I went to an election watch party last night (hosted by congressional candidate Ed Martin, Jr. (R-MO-3)) and enjoyed the shared euphoria of watching the announcement of Scott Brown’s stunning victory in Massachusetts. I enjoyed watching conservative commentors on Fox News revel in the news. In the days leading up to the event, I enjoyed the blog posts and tweets of many dedicated principled conservatives looking forward to Brown’s election.
The reasons for the excitement were – and remain – clear: Scott Brown would be the crucial 41st Republican senate vote to block the government takeover of health care and its attendant gutting of Medicare. He is also positioned to stop the job-killing cap-and-trade bill, Obama’s weak U.S. anti-terrorism policy and other liberal nonsense coming out of the Obama Administration and the Pelosi-Reid congress. This election (on top of the 2009 gubernatorial victories in Virginia and New Jersey) has every indication of being the key momentum changing event that gives conservatives a genuine shot at taking back congress later this year. Ripple effects by noon the next day included the withdrawal of controversial TSA nominee Erroll Southers and an announcement that Rep. Mike Pence (R-IN) would consider a challenge to entrenched purple-state Sen. Evan Bayh. And it’s mostly because of Scott Brown.
But, after a courteous period to allow the euphoria to be enjoyed, we must also have a bit of a reality check: Scott Brown is what principled conservatives deem to be a RINO (Republican In Name Only). He is pro-choice (albeit opposed to partial birth abortion and taxpayer funding of abortions), he favors gay marriage, and he speaks the RINO language of “independent thinking” and bipartisan cooperation. This is why President Obama was so gracious in calling Brown to congratulate him and play nice. Obama knows that Brown voted for the now-failing Massachusetts health care plan in the state legislature, and thinks that his messianic persuasion will be able to bring Brown over to the dark side on health care and other important parts of Obama’s agenda (and provide cover to other RINO senators to do the same).
Health care was the key issue in the campaign and is the overriding issue for all of America right now. Brown specifically promised to be the 41st vote needed to block the health care takeover, and he must resist Obama’s charms. I believe Brown is up to the task, and Obama will fail once again.
Assuming Brown holds fast to his promise and saves American from the health care debacle, I cauti0n my fellow conservatives not to forget this historic moment the next time Brown or any other RINO punctures our idealism by joining Democrats on an important vote. There are several RINOs in the U.S. Senate, and we need every one of them.
I have written about RINOs twice within the past 6 months. In July I provided empirical data supporting why conservatives need to be more accepting of the RINOs in their mist, especially in areas like Massachusetts, Maine and increasingly liberal suburban areas where a principled conservative probably won’t carry the electorate. Parties don’t own any particular electoral district, the people do. And if the people in a particular district want more liberal representation, we need to be cool with offering that district a representative who will be liberal when they want him or her to be but still support the conservative side more often than a Democrat would. My July post pointed out how even the most conservative Democrat in the entire U.S. House voted with his Democrat colleagues more often than the GOP’s worst RINO.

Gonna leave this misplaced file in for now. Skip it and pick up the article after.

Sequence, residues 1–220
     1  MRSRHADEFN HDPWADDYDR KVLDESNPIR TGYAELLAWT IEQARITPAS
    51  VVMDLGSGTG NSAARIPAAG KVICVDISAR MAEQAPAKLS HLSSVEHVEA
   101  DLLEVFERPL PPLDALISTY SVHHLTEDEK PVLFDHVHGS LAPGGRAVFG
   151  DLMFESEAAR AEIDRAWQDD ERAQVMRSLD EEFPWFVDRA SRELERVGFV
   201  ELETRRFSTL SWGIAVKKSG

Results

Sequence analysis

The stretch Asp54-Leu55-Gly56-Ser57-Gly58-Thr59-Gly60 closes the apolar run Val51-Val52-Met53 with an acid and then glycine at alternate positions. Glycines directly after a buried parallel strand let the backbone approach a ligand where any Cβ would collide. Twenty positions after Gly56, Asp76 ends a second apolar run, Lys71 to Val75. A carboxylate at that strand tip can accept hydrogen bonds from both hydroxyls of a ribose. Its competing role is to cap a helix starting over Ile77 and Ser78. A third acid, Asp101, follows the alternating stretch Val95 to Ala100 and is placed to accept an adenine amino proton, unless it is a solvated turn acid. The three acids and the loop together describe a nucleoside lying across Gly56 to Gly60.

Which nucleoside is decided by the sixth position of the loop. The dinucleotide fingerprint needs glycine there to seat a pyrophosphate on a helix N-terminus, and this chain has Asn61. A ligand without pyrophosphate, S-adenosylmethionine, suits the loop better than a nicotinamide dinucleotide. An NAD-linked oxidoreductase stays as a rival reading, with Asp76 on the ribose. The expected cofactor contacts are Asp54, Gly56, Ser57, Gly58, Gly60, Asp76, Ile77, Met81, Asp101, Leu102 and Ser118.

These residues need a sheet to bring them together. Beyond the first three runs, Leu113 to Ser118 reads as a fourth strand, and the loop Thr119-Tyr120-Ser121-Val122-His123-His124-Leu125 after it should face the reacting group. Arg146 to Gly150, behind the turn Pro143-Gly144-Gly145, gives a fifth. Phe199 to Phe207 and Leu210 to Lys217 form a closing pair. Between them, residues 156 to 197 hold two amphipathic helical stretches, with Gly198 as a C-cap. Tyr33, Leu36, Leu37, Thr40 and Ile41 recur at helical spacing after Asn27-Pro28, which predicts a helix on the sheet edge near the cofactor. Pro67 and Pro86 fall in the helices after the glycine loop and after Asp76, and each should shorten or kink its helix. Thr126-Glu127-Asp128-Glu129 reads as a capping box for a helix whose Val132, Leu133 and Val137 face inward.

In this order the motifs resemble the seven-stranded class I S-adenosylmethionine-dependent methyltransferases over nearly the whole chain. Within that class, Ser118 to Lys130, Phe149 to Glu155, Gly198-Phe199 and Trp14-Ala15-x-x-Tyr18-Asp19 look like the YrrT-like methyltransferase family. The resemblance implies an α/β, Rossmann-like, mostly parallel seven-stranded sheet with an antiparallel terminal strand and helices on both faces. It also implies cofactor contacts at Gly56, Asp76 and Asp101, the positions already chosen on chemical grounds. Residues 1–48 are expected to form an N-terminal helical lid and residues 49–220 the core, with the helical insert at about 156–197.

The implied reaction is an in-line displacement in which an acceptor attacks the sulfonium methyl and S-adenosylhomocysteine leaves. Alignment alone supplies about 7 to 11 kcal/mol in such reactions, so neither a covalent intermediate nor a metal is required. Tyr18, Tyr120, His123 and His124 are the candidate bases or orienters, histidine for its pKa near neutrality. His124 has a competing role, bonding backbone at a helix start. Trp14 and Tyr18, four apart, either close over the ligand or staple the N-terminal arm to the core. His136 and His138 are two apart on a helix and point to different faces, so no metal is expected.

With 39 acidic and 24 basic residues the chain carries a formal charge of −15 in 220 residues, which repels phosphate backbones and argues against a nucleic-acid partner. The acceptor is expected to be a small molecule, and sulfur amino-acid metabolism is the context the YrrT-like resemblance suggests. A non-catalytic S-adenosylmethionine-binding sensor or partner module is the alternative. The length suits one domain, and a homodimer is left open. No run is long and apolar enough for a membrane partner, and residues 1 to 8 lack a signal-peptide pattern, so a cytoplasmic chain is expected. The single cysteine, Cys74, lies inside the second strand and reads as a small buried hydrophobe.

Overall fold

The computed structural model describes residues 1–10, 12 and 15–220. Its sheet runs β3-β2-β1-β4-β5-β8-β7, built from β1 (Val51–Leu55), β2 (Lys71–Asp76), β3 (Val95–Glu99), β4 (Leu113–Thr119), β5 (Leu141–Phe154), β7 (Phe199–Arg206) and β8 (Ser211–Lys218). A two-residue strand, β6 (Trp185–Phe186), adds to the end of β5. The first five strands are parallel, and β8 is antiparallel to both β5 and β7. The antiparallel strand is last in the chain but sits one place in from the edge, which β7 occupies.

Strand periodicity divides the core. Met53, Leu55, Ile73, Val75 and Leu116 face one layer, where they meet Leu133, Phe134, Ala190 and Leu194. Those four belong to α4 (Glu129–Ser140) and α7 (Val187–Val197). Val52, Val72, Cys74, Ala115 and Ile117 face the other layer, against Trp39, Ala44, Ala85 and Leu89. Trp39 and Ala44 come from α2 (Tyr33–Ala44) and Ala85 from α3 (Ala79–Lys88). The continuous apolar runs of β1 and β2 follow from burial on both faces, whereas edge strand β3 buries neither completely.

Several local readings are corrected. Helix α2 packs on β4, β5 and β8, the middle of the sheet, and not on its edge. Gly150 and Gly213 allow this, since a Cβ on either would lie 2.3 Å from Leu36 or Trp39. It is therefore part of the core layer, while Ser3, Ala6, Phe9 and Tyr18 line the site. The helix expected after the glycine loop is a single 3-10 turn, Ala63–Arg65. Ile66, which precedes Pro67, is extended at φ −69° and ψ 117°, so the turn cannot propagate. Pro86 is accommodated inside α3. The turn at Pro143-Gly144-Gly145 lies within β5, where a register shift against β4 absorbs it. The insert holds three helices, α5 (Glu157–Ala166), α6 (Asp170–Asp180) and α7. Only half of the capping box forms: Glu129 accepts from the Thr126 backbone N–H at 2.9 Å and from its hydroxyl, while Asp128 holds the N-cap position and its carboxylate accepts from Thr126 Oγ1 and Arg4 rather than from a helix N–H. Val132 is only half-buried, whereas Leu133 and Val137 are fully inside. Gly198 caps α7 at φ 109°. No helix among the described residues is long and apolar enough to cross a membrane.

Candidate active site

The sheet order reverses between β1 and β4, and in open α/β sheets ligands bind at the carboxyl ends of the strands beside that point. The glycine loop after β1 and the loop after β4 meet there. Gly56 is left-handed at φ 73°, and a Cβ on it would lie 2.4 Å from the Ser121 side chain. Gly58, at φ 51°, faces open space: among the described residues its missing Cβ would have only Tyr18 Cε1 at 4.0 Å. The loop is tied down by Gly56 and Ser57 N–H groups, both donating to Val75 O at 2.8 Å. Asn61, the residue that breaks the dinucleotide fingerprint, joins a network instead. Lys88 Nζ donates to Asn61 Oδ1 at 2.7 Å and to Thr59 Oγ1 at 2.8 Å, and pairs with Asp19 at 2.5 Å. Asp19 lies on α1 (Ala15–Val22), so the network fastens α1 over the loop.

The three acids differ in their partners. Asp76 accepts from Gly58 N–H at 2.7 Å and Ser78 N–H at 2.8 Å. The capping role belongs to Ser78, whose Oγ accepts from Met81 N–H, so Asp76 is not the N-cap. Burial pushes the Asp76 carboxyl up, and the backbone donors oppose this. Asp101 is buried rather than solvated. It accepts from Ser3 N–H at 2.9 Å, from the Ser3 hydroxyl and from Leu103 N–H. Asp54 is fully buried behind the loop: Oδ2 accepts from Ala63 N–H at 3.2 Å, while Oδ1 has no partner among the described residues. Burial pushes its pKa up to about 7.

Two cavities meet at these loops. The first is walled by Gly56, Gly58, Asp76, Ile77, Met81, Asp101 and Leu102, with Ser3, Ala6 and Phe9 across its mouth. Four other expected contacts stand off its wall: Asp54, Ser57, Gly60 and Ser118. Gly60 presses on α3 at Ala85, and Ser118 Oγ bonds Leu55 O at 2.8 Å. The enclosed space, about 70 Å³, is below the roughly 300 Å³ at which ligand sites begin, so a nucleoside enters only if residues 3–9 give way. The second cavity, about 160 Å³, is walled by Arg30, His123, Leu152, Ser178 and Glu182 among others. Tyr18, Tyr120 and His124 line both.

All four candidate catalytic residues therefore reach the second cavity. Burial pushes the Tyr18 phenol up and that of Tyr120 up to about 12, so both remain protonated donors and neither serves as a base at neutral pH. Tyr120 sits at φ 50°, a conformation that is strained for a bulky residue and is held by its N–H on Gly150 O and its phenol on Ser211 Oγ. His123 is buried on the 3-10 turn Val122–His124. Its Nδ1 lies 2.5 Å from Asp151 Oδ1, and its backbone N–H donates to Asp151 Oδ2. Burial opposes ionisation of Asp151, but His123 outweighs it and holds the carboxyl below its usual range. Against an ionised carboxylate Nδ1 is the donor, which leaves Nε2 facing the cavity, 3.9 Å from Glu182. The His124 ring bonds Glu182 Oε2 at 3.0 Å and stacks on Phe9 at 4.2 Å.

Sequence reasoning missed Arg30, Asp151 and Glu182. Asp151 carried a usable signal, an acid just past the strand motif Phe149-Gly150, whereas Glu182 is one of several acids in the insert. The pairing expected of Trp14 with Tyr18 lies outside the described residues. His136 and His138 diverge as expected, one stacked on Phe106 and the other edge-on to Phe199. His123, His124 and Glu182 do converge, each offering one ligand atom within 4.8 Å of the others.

The special election in NY-23, where Republican insiders nominated leftist Assemblywoman Dede Scozzafava, posed a special challenge to that reasoning. In that case I blogged how conservative activists were right in abandoning the ACORN-backed leftist GOP nominee and supporting Conservative Party nominee Doug Hoffman. But this was a rare case where supporting the conservative over the RINO in a 3-way contest was the right thing to do, even though the Democrat won the theretofore Republican district and immediately voted for cap-and-trade and health care deformed. Scozzafava would have voted the same way, and the party has an excellent shot at retaking the seat (with a better nominee) later this year.
The unfortunate fact is that, while the U.S. has a conservative plurality, it does not have a conservative majority. In that context, conservatives must be accepting of RINOs in districts where a true conservative is unlikely to prevail. (RINOs from conservative areas where there is no significant danger of a divided party losing the seat to a Democrat – think Utah – should be taken out.) Conservatives who channel 19th Century Sen. Henry Clay (“I had rather be right than President”) when sticking with principles at the wrong time have a political death wish. Conservative principles are of only intellectual value if you aren’t in a position to enact them into legislation.
So I ask my fellow conservatives today as we enjoy the tide-turning win in Massachusetts, “Are you OK with this pro-choice RINO, Scott Brown?” I am.